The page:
Project Morpheus

I recently discovered an interesting tidbit; NASA has been quietly developing the technology necessary for landing a humanoid robot on the Moon. Now, this is not a particularly interesting goal on its own.

Morpheus lander in flight

However, the point is not the end goal. Project Morpheus, as it is now called, is really an experiment with different work flows. Morpheus is based on the principle of working quickly and efficiently, rather than the slow-and-steady plod that NASA generally adopts. Instead of planning for every possible contingency, the small team is designing low-cost systems with a rapid iteration rate.

The project is also an integration of a number of technologies — methane-oxygen engines, advanced robotics, advanced landing techniques, etc — which are being developed in parallel. Instead of breaking the goal down into small steps and working straight at it, Project M seems to be making more generalized progress, so that the technologies it develops can be used in a variety of applications. This is good, as it will lead to cheaper, faster development cycles for other missions.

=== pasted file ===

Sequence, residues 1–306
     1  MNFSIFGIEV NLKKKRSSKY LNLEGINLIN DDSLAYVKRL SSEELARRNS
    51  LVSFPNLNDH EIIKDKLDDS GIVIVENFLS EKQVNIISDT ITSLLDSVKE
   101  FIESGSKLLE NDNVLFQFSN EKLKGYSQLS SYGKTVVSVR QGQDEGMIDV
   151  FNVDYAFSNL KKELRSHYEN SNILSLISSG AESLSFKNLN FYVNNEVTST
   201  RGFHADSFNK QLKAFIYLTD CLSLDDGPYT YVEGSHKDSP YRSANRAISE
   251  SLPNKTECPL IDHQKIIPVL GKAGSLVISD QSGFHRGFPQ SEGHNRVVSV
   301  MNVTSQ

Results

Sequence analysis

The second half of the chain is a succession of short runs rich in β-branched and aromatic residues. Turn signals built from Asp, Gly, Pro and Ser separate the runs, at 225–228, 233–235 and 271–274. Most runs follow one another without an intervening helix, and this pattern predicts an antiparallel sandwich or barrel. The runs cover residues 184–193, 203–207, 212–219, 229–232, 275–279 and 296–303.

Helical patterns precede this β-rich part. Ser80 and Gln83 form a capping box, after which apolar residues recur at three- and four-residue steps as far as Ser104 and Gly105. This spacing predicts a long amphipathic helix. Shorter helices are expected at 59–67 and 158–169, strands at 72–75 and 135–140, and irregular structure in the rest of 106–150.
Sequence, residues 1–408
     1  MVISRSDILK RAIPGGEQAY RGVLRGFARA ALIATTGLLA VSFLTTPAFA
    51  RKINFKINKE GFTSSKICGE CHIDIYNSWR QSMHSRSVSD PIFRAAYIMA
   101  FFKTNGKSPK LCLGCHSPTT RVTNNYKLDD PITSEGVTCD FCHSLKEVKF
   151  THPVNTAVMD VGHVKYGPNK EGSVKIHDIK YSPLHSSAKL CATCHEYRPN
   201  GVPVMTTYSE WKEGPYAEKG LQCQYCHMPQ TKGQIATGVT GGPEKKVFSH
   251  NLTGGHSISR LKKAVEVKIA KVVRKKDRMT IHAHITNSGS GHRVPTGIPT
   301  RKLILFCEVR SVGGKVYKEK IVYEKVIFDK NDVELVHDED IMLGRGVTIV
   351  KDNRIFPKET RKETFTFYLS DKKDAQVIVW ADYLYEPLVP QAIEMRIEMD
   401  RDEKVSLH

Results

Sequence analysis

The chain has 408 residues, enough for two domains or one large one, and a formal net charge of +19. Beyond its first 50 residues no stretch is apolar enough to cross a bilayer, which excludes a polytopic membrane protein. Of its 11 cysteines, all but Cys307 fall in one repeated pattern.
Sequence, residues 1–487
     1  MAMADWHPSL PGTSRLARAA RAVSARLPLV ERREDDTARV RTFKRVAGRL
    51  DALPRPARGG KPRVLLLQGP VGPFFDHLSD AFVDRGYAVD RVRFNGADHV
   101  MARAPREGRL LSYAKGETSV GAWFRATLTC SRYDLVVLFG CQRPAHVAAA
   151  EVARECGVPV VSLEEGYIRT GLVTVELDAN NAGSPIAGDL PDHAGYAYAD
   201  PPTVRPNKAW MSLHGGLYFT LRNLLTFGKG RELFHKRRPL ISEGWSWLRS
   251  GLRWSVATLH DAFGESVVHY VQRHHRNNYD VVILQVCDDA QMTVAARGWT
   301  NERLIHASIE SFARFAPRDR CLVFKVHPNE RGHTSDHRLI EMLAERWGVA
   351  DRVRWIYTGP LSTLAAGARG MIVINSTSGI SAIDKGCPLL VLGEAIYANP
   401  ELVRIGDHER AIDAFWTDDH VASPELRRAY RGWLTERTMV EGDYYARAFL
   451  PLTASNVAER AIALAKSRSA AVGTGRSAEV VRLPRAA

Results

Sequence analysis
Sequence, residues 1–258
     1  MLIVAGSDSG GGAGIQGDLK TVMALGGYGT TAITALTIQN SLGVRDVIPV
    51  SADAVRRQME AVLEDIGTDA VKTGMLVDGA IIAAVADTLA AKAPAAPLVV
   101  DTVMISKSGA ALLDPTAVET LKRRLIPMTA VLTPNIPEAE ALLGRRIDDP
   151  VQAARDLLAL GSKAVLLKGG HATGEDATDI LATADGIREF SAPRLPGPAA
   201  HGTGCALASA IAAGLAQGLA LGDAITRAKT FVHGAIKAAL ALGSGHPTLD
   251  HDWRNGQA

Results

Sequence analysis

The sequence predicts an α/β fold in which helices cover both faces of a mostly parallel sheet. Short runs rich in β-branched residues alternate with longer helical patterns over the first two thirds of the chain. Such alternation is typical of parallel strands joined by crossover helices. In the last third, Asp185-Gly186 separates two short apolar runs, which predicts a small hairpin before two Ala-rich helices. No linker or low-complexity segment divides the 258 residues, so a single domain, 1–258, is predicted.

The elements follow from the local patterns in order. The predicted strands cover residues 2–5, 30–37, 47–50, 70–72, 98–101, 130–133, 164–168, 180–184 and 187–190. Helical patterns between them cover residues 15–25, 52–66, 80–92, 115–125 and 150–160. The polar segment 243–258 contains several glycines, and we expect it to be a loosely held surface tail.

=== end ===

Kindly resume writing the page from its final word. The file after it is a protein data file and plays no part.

Finally, it is not high-profile. Low-profile projects are less likely to get bloated politically and bureaucratically; politicians want to pork-barrel big projects, which leads to missed deadlines and overshot budgets. Keeping projects out of the limelight means they are less likely to get axed for inefficiency, and keeping them low cost means they are less likely to get axed for budgetary reasons.

So I wouldn’t mind if NASA created more of these low-cost, fast-paced projects. Sure, not every one of them would get finished, but the approach is appealing — don’t put all your eggs in one basket, and all that.

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